People with asthma no matter what age, face a variety of challenges when it comes to health and wellbeing. Like all people with asthma, young people with asthma face direct physical impacts of their condition, as well as social, psychological, and functional impacts.
These are often heightened by developmental challenges posed by adolescence.
There is a lot of work to be done for young people with asthma and we are here to help every age group to live their life, to breathe easy.
Not just to live, but to have a full and empowered life, striving for goals and achieving them. A life without limits.
Tips for getting active with Asthma
Asthma and exercise should go hand in hand.
Regular physical activity is great for people with asthma.
1. Do a proper warm-up before exercising.
2. Get as fit as possible – the fitter you are, the more you can exercise before the symptoms start.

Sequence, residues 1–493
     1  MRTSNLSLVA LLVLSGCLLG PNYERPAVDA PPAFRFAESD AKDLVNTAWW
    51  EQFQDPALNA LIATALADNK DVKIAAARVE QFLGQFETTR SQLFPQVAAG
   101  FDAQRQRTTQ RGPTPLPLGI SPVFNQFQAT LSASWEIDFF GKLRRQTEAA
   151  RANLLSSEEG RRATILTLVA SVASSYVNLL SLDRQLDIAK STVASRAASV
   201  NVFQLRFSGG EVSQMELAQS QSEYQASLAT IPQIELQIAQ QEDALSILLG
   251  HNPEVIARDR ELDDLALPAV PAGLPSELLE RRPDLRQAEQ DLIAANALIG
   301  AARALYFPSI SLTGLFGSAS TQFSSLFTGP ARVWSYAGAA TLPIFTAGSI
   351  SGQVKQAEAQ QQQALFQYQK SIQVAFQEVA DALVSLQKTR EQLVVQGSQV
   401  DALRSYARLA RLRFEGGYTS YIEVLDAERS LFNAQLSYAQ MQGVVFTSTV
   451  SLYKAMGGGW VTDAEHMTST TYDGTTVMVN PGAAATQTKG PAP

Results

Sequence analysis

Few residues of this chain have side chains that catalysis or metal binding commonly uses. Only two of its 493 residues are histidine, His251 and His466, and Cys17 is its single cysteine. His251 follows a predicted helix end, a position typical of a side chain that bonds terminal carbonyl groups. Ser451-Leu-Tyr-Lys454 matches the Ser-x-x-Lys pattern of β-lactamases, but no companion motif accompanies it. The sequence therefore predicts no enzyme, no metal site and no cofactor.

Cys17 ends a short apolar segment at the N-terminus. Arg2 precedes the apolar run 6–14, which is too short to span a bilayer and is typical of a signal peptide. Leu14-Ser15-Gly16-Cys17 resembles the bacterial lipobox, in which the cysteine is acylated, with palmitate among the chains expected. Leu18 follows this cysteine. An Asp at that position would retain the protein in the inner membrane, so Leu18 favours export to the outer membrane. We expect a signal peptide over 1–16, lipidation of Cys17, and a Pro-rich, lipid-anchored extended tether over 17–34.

3. Avoid exercising where they are high levels of pollens, dust, fumes and pollution.
4. Exercise in a place that is warm and humid – avoid cold, dry air if possible.
5. Try to breathe through your nose (not your mouth) when you exercise – this makes the air warm and moist when it reaches your lungs.
Asthma symptoms after physical activity are common but can be prevented. The symptoms are usually worst 5 to 10 minutes after stopping exercise, not during the exercise.
If exercise causes asthma symptoms, tell your doctor so you can get effective treatment.
Don’t let your asthma stop you or your child from being physically active.
If you can, get involved in structured exercise training. People with asthma who participate in this sort of training feel better.
Swimming is popular for children with asthma, but doing other regular sports or activities is just as good.
Your Health Hub offers comprehensive multidisciplinary asthma care.
People with asthma should see their GP for an asthma review for at least once every 6 months.
People with moderate asthma requiring preventative medication should also have a care plan in place, and may benefit from input from other Allied Health Professionals, such as Exercise Physiologist or a Physiotherapist.
Source: Asthma Australia